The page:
Biomass land grab could leave poor hungry

Posted by Lauren Craig, EarthTechling


The food-versus-fuel debate has typically been used in reference to farmers in industrialized countries growing food crops, such as corn, to sell to biofuels producers.



However, there is another side to the debate. The International Institute for Environment and Development (IIED), a non-profit research institute based in London, is raising concerns that rising global demand for biomass fuels could lead to a race for land acquisition in the developing world, with serious implications for communities that grow their own food.

Biomass land grab could leave poor hungry
As countries in the global north increase their use of biomass to reduce reliance on fossil fuels and meet ambitious renewable energy targets, the demand for wood and other biomass crops could exceed supply by up to 600% in some countries.

Some countries, including Italy, Japan, the Netherlands, Sweden and the United Kingdom already import increasing volumes of wood pellets.

According to the IIED, this trend, combined with the tropics’ high growth rates, cheap land and low costs of labor and the rising price of fossil fuels, could lead more countries to look toward Africa, South America and South Asia as sources of biomass fuels.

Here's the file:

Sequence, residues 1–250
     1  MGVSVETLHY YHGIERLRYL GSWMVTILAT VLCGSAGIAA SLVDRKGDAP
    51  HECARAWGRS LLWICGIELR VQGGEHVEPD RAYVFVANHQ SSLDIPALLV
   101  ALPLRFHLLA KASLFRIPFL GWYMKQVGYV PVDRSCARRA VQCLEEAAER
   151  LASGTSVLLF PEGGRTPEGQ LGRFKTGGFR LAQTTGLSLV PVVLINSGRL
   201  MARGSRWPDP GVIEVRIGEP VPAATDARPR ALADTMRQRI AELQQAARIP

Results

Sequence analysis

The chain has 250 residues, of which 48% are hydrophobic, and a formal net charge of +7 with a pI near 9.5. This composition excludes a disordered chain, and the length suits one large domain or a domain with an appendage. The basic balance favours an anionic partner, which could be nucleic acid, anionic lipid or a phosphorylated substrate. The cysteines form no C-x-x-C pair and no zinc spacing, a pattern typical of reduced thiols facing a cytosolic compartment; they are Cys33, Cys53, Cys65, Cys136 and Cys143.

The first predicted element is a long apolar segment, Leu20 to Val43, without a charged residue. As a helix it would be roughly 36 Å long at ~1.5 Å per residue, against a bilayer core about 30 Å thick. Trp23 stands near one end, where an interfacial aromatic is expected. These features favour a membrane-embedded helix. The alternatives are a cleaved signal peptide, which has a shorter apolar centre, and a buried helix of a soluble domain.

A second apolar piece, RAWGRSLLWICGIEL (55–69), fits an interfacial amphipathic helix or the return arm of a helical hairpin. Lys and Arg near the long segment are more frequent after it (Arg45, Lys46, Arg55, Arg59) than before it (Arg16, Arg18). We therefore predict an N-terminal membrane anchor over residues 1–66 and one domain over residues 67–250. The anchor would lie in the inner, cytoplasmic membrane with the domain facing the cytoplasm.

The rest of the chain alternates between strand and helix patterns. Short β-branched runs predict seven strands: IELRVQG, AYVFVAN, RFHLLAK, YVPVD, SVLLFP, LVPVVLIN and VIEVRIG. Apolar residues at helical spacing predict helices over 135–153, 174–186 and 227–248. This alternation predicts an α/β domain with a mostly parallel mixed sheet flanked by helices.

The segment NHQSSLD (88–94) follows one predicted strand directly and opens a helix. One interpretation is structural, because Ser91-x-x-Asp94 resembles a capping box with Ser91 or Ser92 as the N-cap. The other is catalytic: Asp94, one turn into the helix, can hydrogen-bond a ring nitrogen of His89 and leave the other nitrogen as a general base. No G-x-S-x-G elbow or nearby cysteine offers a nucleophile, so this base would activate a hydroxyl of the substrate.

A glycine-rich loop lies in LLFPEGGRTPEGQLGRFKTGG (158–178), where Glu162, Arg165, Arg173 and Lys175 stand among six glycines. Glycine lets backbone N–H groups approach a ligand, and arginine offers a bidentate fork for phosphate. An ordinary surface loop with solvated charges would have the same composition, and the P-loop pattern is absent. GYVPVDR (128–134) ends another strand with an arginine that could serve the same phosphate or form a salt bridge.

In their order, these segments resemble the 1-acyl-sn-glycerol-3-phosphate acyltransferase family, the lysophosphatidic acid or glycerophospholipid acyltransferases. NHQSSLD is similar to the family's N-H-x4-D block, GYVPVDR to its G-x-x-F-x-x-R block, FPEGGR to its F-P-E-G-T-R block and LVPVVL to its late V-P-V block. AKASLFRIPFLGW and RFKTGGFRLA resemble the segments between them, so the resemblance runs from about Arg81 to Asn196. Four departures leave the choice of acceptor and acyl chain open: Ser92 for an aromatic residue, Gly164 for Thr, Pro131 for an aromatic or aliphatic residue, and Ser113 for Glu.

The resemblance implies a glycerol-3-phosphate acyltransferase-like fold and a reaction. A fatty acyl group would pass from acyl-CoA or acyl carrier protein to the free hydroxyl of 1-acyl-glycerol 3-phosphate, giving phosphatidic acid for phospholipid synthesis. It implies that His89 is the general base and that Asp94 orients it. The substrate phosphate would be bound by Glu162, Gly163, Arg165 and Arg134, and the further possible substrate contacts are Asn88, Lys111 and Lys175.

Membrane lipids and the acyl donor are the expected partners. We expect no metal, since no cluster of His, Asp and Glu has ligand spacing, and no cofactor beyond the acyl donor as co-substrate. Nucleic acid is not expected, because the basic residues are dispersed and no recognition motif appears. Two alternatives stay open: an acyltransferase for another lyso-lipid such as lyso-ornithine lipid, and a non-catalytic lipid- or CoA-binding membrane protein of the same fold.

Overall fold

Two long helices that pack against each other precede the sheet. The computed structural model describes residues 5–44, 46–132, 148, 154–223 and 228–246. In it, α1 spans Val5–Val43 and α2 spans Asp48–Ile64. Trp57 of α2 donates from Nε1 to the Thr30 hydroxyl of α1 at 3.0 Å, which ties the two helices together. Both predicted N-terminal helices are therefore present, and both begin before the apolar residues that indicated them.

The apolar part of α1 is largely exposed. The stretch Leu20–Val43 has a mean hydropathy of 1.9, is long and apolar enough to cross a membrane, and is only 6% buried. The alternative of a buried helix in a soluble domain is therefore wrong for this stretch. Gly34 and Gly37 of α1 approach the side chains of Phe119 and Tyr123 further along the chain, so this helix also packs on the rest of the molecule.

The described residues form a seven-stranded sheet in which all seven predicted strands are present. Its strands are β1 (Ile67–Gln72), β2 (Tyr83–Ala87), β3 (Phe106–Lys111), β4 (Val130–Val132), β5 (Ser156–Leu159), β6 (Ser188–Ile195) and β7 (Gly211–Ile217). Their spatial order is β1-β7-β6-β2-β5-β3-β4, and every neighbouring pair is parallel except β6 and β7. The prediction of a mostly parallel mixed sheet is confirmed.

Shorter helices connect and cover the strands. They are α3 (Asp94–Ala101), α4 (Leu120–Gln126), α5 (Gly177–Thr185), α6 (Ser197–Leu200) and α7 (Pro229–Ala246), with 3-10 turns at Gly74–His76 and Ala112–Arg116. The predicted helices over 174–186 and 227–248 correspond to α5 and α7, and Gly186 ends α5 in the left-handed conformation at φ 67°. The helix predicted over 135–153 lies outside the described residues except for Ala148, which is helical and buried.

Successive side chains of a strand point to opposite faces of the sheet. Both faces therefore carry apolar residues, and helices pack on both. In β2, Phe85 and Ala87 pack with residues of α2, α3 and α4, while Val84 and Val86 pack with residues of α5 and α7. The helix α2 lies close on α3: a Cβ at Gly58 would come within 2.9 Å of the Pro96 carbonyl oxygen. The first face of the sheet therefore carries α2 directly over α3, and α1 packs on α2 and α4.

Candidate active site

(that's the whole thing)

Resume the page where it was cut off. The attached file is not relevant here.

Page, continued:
Corn MaizeThere is evidence that this is already happening. For example, in 2010, a US company secured a 49-year lease on 5,000 hectares of land in Ghana for a plantation to produce feedstock for biomass power plants.

The same company also operates in Guyana, and intends to establish energy crop plantations in Madagascar, Mozambique and Tanzania.


Governments hope that this increased private investment will lead to job creation and further action toward mitigating climate change. But, in many parts of the developing world, poor people have weak or non-existent land rights. 


If governments choose to lease large areas of land for fuel wood plantations, the IIED warns that many rural communities could lose access to land which they have farmed for generations, and on which their survival depends. The entire policy brief can be found here.

Lauren Craig, EarthTechling